THR: Who was that executive producer?
Schneider: I’m not telling you, Paul.
THR: Are you worried about being typecast in message movies?
Schneider: When you boil it down, most movies are message movies. And I think careers are made in message movies. My god, Meryl Streep made a career out of message movies and there’s no better actress on the planet.
THR: Are Christian movies just preaching to the choir?
Schneider: Maybe they were until October Baby. It didn’t get into the Top 5 per-screen because churches went to see it. Secular people think all that Christian moviemakers have to do is send out an email and all the churches in the nation will see it. That’s absolute bullshit. I was out promoting October Baby on Fox News, the Today show, on VH1 and all kinds of stuff, and I think that’s what helped get people into the theaters. It’s not churches making October Baby the phenomenon that it is.
THR: What’s it like being a former teen idol.
Schneider: It was great. And, Paul, the coolest thing is happening now. There’s a whole new passel of 7-year-olds who are huge Dukes of Hazzard fans because it’s still running on CMT. I was just in Rochester doing a car show, and a 7-year-old came up to me to meet Bo Duke, and he said he was Bo for Halloween. I signed a number of Pinewood Derby cars then, too.
THR: Do girls who grew up watching you still swoon when they see you?
Schneider: They do, but they have to be careful because they have bad knees now. I still sign copies of Tiger Beat magazine. The girls who were 16 then still have a special place in their hearts for Bo, as does Bo for them.
THR: You see the South Park parody of Dukes?
Schneider: My son showed it to me. It was great. And I saw the Family Guy episode where they paint the station wagon orange and paint a '01' on the door. Dukes is an amazing piece of history now. It’s still on TV 34 years later and kids still dress up like Bo, Luke and Daisy, and local officials still tell me they have somebody in their town that’s just like Boss Hogg.
THR: Would a new show as quaint as Dukes work today?
Schneider: If it’s honest, like Doonby and October Baby are. Yes, Dukes was corny, but underneath all the corn was Denver Pyle as Uncle Jesse telling the boys that they were never to do anything to insult or harm another person. Sure, we’d jump cars and all that, but morally and ethically Dukes was and still is sound. We would never go out and force our perspective on others, but if you insulted a girl, Bo would hit you – and I probably would, too. I believe you should be a gentleman, and that’s old-fashioned. The characters I play in Doonby and October Baby also believe that. They live by a code of ethics.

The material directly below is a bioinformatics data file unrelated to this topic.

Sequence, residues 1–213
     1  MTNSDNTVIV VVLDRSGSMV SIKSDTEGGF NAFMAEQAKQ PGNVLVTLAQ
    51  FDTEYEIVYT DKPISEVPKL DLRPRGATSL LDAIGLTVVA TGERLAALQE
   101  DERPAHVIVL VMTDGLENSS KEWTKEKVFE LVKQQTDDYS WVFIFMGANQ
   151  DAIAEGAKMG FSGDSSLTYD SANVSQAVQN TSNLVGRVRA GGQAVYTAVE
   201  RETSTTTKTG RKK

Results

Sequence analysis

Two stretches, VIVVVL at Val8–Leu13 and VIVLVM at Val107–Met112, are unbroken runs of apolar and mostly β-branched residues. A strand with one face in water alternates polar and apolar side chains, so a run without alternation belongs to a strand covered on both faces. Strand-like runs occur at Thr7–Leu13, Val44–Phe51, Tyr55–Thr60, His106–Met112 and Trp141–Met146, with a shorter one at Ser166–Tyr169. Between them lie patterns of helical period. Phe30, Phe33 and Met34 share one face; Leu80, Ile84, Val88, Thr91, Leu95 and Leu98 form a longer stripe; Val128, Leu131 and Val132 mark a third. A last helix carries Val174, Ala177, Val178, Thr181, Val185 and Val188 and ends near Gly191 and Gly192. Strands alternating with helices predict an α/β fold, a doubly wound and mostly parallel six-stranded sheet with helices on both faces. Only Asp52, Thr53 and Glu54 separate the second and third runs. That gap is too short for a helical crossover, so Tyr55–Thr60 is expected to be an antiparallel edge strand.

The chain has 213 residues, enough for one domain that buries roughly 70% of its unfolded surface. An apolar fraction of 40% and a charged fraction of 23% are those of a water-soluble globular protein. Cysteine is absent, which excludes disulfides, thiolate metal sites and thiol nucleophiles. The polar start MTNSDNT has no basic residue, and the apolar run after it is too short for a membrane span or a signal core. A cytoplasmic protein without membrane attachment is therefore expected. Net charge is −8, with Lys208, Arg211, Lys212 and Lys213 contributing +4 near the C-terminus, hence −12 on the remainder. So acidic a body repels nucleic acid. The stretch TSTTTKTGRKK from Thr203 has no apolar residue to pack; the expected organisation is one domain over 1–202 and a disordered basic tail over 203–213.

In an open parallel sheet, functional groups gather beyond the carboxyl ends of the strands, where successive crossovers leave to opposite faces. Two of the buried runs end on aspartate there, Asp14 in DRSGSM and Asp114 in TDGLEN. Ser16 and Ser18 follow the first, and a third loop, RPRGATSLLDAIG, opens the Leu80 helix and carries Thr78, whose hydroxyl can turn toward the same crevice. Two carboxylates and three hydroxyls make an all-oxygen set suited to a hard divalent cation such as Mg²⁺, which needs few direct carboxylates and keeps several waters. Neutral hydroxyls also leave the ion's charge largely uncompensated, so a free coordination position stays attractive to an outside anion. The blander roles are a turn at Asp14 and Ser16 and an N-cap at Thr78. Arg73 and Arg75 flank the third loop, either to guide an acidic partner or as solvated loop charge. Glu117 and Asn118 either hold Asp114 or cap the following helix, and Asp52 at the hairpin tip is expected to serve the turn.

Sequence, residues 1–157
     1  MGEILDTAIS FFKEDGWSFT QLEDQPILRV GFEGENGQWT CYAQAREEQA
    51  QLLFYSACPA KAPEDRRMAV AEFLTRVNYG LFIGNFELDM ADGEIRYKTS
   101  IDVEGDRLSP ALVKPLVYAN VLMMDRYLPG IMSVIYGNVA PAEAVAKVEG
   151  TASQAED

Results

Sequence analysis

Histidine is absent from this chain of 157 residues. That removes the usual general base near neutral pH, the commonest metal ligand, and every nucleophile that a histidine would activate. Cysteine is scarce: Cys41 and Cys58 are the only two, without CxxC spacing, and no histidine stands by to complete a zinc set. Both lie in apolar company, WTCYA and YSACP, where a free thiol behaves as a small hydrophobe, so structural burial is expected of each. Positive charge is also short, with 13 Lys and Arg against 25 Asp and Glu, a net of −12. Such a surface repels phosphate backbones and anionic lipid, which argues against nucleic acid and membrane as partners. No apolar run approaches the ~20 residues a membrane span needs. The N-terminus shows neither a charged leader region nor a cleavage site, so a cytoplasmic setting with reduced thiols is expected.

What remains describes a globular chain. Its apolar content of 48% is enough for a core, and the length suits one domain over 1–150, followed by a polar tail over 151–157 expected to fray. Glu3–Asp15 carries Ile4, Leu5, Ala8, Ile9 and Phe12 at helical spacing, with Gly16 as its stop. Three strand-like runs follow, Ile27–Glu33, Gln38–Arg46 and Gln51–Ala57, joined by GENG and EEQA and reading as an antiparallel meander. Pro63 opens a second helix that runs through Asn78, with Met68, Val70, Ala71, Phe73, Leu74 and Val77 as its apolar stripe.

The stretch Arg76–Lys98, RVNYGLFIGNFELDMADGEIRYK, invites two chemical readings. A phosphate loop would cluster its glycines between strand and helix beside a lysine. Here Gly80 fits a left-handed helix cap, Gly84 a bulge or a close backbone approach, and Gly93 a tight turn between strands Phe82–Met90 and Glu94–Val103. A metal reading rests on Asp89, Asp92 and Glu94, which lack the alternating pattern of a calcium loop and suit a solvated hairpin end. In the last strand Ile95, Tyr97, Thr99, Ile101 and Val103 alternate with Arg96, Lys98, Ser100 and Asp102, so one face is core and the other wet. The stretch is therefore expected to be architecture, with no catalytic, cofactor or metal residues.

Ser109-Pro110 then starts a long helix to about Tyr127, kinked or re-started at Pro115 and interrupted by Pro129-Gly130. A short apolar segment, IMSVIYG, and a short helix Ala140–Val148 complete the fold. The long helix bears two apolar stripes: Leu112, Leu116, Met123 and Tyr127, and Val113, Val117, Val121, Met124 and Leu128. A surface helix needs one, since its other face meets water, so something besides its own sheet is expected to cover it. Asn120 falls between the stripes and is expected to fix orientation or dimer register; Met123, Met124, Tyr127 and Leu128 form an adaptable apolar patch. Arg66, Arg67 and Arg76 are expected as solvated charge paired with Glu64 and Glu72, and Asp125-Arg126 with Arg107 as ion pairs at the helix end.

THR: You still see Catherine Bach and Tom Wopat?
Schneider: I see Catherine a lot because she lives out here, and Tom and I are doing a number of concerts together in Niagara on the Canadian side. It’s one of those weird relationships with Tom. We were best friends from hello and remain so after 34 years.
THR: What happened to your FaithWorks production company?
Schneider: It lasted a year and a half. I thought all’s people had to know was that there was a great avenue for family-friendly videos and people would show up. I was wrong. Yep. You actually have to promote, and that’s hard to do and it gets more expensive every day.
THR: You helped create the Children’s Miracle Network charity.
Schneider. That I did, with Marie Osmond, Mick Shannon and Joe Lake. We are about to turn 30 and we’ve raised $5 billion for children’s hospitals in North America, and I’m very proud of that. It has saved lives. It’s an inarguable truth that children deserve good health care regardless of their families’ ability to pay.
THR: You ready to endorse someone for president?
Schneider: No. People have come to me for my opinion since October Baby. But, hey, look, I’m an actor who is very fortunate to be in a movie that’s making wonderful noise, and hopefully helping parents and children to be a little closer. Leave me alone. I’m not talking about politics. I’m just trying to have a conversation with my own kids.
THR: What do you think of the buzz and per-screen results of October Baby?
Schneider: Selfishly, I’m very excited. I do lots of work and always try to do my best, but I never know what’s going to happen. So far with the movies I’ve done it has been kind of – nothing. They’ve been entertaining for those who have seen them, but I never did a movie that people have wanted to talk about until now. That sounds very sad.
THR: What did you think of the Dukes of Hazzard movie?
Schneider: The only thing they got right was the color of the car.